I am teaching on-line and my days are pretty busy but one of the ways I relax during lockdown is with on-line yoga classes offered by the yoga studio I attend. Simply Saffron classes are a regular weekday respite, where our sensitive, experienced teachers, Ridwaan and Hermon, provide exercise and meditation and insight into how to breathe. The classes started with local participants but now we have yogis on the Garden Route, in Johannesburg and in Scotland, Germany and Austria. Hermon shared how he summited Kilimanjaro, first of the ten groups heading up, relying on his deep, regular yoga breathing and since doctors are telling us how important correct, deep breathing is to alleviate Corona virus symptoms, they are teaching us a valuable skill. You can contact the Yogi Boys at if you'd like to sign on for classes conducted through zoom.

Time for a Prince Albert story… some months ago a local guesthouse owner came on my Ghost Walk. It soon became clear that she was picking up vibes at certain sites and last week she phoned to tell me about a new sighting in Kerkstraat. 

“I was heading for our gate and saw a lady standing outside, under a gum tree. It only registered as I started to turn into the drive that she was wearing Victorian, perhaps Edwardian clothing and a large hat held on with a scarf. As I looked more closely, she smiled at me and then faded away. Is there a story about that part of town?”  Not one I know, but I am happy to know the lady smiles.

There is a beautiful, Victorian house just up the road, that used to be called The Palms, where a friend of mine lived during the last pandemic to sweep the world from 1918 to 1920. I spoke about Betty Featherhead’s visits to Oom Gawie Beukes’ bioscope in my December 2018 newsletter.  Another story Betty told me was how her mother, Florence Luttig, accompanied the local NG Mission Church minister to nurse and feed the sick in his congregation when the Spanish Flu hit the village. They would set out on his motorbike and side-car and when the children heard it returning they would quickly run into the house. Mother would change from her clothes in an outhouse, washing with carbolic soap and putting on fresh clothing before she came in. Betty and her siblings wore garlic bags around their necks to dispel the ‘germs’ and spent some days stuffing herbs and straw into mattress ticking, making beds for sick people. The local hotelier turned his kitchen over to making soup for the villagers. 

The photo was taken on Betty's 100th birthday in 2006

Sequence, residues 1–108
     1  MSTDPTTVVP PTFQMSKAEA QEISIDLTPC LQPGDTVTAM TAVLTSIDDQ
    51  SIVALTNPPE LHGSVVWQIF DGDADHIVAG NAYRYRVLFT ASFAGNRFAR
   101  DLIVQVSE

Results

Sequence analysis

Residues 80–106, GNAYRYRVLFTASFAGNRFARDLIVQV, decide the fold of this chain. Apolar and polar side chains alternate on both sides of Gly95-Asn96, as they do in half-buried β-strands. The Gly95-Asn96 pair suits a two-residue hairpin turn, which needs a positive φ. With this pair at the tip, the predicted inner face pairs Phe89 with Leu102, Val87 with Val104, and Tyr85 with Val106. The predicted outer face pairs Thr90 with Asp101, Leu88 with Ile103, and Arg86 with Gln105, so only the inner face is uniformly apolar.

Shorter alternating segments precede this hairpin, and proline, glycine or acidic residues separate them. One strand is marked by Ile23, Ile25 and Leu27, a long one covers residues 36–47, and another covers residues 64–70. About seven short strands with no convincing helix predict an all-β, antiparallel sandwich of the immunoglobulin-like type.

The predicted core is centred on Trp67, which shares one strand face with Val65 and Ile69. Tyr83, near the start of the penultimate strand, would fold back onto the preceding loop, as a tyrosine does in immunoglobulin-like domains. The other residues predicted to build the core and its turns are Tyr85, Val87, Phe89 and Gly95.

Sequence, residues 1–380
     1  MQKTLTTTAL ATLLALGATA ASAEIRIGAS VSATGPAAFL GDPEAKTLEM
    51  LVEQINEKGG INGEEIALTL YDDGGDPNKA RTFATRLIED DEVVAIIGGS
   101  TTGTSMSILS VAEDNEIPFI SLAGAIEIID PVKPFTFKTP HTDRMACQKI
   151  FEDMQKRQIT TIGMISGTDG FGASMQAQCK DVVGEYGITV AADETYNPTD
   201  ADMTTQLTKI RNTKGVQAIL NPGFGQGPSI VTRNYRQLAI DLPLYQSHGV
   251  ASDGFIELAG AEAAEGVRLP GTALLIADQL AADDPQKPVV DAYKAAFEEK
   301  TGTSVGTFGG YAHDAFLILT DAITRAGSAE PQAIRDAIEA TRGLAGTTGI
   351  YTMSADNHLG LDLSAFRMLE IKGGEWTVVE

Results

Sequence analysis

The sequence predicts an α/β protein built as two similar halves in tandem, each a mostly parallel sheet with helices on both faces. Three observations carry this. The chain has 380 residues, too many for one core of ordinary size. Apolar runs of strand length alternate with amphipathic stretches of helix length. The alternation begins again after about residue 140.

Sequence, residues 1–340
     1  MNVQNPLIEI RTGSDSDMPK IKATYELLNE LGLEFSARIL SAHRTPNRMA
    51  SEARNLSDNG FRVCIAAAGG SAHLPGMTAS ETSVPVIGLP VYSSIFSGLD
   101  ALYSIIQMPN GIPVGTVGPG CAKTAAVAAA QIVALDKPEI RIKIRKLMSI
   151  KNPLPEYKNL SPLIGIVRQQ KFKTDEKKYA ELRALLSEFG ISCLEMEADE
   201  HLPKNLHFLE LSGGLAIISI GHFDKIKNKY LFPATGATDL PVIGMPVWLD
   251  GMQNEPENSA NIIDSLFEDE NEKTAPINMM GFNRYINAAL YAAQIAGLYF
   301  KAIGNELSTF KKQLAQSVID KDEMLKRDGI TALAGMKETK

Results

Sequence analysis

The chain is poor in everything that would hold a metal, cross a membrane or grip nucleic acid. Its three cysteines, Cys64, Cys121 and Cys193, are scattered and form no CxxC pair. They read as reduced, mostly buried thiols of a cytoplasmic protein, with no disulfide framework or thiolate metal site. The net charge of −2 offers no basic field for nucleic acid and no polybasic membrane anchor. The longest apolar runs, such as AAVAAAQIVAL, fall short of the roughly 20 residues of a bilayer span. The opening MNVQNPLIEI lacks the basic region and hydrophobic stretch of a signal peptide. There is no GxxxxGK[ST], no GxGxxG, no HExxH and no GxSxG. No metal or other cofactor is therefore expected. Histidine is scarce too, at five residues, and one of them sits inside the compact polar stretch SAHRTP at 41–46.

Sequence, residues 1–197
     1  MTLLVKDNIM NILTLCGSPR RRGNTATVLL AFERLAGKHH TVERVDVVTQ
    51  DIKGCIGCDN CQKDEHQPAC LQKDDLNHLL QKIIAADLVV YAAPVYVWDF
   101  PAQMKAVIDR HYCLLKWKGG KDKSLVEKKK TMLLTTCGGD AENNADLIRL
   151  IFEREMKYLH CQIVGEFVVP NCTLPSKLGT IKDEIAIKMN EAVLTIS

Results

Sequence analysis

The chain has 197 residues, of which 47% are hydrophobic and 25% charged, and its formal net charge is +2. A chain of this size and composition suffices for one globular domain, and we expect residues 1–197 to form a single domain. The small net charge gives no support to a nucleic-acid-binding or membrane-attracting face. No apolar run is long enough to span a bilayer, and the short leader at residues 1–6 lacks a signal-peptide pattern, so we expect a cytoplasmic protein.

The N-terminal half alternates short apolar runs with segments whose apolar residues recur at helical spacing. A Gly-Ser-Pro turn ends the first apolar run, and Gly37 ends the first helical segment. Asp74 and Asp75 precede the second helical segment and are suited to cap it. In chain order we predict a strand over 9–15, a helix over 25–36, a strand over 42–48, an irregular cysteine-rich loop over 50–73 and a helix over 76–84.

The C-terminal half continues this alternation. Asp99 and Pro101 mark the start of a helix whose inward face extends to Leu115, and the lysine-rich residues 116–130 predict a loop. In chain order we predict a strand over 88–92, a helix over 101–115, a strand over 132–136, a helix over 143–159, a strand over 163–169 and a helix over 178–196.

Betty also told me a lovely story about her mother’s attempts, as a new bride, to learn Dutch. Florence had come out from England to look after her sister, Dr Stephenson’s wife, while she was confined to bed during a pregnancy. A young farmer, one Samuel Luttig, would hover outside the Anglican Church of St John’s at the end of services to walk Florence home. Of course this led to courtship and marriage.  Florence would practice speaking Dutch and Samuel would laugh at her - I am sure very lovingly. She persevered until one day she told him “Ek het jou boude gestryk…”  (I have ironed your thighs) instead of "broek" (trousers). His mirth was too much for her and from then on she spoke only English and their children grew up ‘tweetalig” (bi-lingual).

Speaking of marriage, on 20 April JJ & Amanda le Roux celebrated their first wedding anniversary. What a wonderful experience their wedding was for the friends and relatives who accompanied them on a walk in and out of the Swartberg Pass and joined in their sunrise ceremony which I conducted on the Dansbaan. I hope JJ & Amanda will be able to return to Eerstewater before too much longer.

In closing, the Prince Albert Friend has been reporting local news since 1912. This month the publication team compiled a digital version which is available here. If you want an insight into our community and a jolly good read, pay us a visit through the pages of the Prince Albert Friend. You can see photos of all the Belgian students who have supported the PACT feeding scheme there too!

Take care, stay home, walk when you can, keep to social distancing and wear those masks!

True heroism is remarkably sober, very undramatic. It is not the urge to surpass all others at whatever cost, but the urge to serve others, at whatever cost.


My Ghost Walks and Historical Rambles will resume one day...
if you are curious about my walks or have already joined me and would like to comment you can do so here!

When travel is back to normal and you plan your visit to Prince Albert, remember you can
 find your accommodation here.



The Story Weaver

Prince Albert

Tel: 023 5411 211  e-mail: